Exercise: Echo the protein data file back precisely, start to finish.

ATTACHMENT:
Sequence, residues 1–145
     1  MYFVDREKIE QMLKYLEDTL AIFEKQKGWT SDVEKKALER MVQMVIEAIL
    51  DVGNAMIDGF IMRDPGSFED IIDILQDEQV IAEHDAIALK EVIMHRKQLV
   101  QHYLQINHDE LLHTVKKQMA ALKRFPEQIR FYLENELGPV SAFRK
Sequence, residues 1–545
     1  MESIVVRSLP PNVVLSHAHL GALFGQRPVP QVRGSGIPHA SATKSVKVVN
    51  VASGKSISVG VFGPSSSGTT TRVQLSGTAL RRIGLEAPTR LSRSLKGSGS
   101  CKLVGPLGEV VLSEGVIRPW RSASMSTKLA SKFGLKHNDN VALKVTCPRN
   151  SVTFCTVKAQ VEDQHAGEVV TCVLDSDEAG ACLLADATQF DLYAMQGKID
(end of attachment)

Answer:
Sequence, residues 1–145
     1  MYFVDREKIE QMLKYLEDTL AIFEKQKGWT SDVEKKALER MVQMVIEAIL
    51  DVGNAMIDGF IMRDPGSFED IIDILQDEQV IAEHDAIALK EVIMHRKQLV
   101  QHYLQINHDE LLHTVKKQMA ALKRFPEQIR FYLENELGPV SAFRK
Sequence, residues 1–545
     1  MESIVVRSLP PNVVLSHAHL GALFGQRPVP QVRGSGIPHA SATKSVKVVN
    51  VASGKSISVG VFGPSSSGTT TRVQLSGTAL RRIGLEAPTR LSRSLKGSGS
   101  CKLVGPLGEV VLSEGVIRPW RSASMSTKLA SKFGLKHNDN VALKVTCPRN
   151  SVTFCTVKAQ VEDQHAGEVV TCVLDSDEAG ACLLADATQF DLYAMQGKID